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Apple iPod Nano 6th Generation (2010) Teardown

Bill Detwiler cracks open the 6th gen. Apple iPod Nano--released in 2010. See the hardware inside Apple's smallest Multi-Touch music player.
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Topic: Apple
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In September 2010, Apple unveiled the 6th generation iPod Nano (Model: A1366). The new Nano is a significant departure from previous versions--resembling the new iPod Shuffle more than older Nanos.
As with the iPod Shuffle, the Nano isn't designed to be easily disassembled. But if you're working on a device that's already broken and out of warranty, you might not have anything to lose.
To disassemble the iPod Nano, you'll need a Phillips #00 or #000 screwdriver, a thin metal blade or plastic spudger, and a hair dryer or heat gun.
Photo by: Bill Detwiler / TechRepublic
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The iPod Nano comes in a box that's remarkably similar to the one for the 4th generation iPod Shuffle--released the same year.
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The 6th generation iPod Nano is available in seven colors and two memory sizes (8GB or 16GB). The 8GB Nano sells for $149 (US). The 16GB version costs $179 (US).
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The headphones, data/charging cable, and product documentation are located under the iPod Nano.
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The redesigned 6th generation iPod Nano measures 1.48 inches high, 1.61 inches wide, and is 0.35 inches deep--including the rear clip.
It also features a new touchscreen that supports Apple Multi-Touch gestures and can display photos. Video playback is not supported, and the new Nano lacks a camera.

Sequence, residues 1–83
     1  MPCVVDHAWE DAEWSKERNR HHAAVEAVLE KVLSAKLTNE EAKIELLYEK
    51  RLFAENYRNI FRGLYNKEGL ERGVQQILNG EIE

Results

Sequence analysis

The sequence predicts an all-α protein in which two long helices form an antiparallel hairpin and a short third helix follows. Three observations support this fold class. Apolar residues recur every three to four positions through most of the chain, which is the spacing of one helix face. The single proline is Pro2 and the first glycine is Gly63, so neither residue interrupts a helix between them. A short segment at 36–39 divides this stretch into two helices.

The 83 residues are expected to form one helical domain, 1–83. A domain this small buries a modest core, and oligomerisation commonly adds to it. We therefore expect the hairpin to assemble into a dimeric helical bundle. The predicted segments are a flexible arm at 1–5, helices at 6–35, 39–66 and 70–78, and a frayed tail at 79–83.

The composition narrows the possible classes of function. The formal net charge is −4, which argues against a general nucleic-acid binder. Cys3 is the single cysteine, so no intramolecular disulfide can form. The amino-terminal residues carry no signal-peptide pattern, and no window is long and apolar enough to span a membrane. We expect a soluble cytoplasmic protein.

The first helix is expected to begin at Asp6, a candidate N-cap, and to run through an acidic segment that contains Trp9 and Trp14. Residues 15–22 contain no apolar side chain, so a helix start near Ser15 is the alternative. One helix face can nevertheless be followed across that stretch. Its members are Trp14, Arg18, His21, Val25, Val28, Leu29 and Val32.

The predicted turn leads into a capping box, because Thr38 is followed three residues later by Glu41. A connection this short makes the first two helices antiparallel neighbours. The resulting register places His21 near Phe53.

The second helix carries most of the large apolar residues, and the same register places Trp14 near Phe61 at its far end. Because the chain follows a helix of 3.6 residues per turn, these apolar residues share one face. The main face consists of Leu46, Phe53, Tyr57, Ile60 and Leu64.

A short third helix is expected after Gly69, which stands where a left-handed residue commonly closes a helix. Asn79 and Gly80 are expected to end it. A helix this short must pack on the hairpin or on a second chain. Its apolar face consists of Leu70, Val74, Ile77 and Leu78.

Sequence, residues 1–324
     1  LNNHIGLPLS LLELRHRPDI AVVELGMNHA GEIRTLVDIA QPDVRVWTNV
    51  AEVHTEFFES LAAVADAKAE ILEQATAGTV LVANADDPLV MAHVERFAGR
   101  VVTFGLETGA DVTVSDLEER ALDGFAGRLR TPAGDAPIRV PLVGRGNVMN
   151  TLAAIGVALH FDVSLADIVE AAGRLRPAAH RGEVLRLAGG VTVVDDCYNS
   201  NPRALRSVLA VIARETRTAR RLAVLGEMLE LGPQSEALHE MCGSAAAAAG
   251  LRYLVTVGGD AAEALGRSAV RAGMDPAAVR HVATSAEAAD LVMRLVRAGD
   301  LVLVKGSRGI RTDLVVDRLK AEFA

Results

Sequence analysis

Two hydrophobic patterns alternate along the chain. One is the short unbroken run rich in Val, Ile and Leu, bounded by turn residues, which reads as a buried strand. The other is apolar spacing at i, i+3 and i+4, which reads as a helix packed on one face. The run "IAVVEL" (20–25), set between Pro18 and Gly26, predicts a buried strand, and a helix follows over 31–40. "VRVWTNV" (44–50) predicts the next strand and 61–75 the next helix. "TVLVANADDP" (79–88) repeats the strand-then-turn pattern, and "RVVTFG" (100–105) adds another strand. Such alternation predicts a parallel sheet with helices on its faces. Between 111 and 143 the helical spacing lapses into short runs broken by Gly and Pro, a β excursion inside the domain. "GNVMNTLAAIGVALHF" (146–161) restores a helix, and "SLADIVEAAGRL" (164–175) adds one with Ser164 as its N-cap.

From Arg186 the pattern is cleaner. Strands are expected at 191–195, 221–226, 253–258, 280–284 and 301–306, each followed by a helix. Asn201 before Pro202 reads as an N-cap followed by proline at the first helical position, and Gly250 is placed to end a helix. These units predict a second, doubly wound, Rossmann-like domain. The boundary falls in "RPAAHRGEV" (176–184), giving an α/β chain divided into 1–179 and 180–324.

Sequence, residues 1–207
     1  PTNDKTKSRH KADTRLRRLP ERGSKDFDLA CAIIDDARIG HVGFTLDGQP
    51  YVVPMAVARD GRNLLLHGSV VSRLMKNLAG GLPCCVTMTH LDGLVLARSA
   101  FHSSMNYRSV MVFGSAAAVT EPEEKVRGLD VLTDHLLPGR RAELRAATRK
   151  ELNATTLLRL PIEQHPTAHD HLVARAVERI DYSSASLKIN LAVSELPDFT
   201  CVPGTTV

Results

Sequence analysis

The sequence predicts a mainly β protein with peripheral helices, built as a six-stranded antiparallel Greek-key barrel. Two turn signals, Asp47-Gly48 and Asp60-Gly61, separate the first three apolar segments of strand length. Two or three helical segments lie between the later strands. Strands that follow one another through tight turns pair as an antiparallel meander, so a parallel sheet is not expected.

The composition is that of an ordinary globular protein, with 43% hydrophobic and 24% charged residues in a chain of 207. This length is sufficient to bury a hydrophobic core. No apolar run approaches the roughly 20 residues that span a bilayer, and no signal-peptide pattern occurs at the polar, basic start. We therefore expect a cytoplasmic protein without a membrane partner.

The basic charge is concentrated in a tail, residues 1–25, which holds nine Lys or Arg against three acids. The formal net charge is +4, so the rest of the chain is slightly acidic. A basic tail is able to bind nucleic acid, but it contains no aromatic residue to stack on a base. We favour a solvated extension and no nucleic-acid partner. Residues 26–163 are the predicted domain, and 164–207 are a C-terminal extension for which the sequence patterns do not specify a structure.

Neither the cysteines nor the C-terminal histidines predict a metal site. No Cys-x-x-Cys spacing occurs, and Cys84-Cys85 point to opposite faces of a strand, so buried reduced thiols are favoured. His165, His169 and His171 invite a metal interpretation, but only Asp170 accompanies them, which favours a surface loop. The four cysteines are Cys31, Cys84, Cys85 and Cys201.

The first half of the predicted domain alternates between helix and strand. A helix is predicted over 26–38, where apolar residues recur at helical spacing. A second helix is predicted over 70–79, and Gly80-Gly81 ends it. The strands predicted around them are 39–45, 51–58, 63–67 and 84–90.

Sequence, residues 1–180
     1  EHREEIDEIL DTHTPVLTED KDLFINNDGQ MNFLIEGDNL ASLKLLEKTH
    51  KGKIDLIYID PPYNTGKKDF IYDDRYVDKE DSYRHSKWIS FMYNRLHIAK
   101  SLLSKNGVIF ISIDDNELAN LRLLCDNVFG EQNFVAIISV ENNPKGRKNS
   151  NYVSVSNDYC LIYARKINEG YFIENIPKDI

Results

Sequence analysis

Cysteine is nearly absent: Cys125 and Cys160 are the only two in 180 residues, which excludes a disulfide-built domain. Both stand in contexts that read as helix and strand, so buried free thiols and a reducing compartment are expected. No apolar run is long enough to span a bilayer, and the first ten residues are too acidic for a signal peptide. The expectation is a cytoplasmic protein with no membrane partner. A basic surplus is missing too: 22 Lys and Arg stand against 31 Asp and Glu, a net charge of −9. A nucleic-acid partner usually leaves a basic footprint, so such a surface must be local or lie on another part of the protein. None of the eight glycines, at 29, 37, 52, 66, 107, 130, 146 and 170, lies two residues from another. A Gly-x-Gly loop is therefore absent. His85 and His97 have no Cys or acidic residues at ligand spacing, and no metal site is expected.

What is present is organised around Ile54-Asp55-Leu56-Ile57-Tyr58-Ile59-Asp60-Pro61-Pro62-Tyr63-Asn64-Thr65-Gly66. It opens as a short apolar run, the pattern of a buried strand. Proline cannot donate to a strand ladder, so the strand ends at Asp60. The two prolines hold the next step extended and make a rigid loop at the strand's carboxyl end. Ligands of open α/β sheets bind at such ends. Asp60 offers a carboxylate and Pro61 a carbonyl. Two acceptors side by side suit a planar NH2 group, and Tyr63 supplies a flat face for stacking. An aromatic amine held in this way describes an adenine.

According to the Nano's technical specifications, the color TFT display measures 1.54-inches (diagonally) and has a resolution of 240x240-pixels at 220 pixels per inch.
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On the top edge of the iPod Nano are the volume controls and the Sleep/Wake button.
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Apple's 30-pin dock connection and headphone jack are located on the bottom edge of the iPod Nano.
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A removable sticker illustrates the iOS-like icons used by the iPod Nano's GUI.
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Like the 2010 iPod Shuffle, the Nano has a large clip on the back.
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Unlike the 4th generation iPod Shuffle, the 6th generation iPod Nano's enclosure has no visible entry points. Assuming that the touchscreen was held on with adhesive, I heated the Nano to soften the glue. You could use a heat gun for this task, but I prefer a hair dryer for gadgets like the Nano. Heat guns can get very hot, very quickly. Too much heat can ruin sensitive components.
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With the adhesive softened, I used a very thin metal blade to gently pry the touchscreen away from the iPod Nano's enclosure. Take care when doing this not to insert the metal blade or plastic spudger too far into the Nano. You don't want to damage the internal components.
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The touchscreen is attached to the logic board via a thin ribbon cable--located along the side below the volume buttons.
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Take care not to damage the display's ribbon cable when prying it loose from the enclosure. We'll need to disconnect the cable before completely removing the screen.
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A metal shield covers the logic board and most of the components inside the iPod Nano.
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There are two screws that hold the metal shield to the iPod Nano's enclosure. I used a Phillips #000 bit to remove these and the other screws inside the Nano.
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The second screw is located in the corner opposite the first.
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With both screws removed, you should be able to left the shield away from the iPod Nano's aluminum enclosure.
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The side of the shield facing the battery and logic board is covered with a black material.
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With the shield removed, we get our fist look inside the 6th generation iPod Nano. After taking with photo, I disconnected the TFT display and headphone control button cables from the logic board.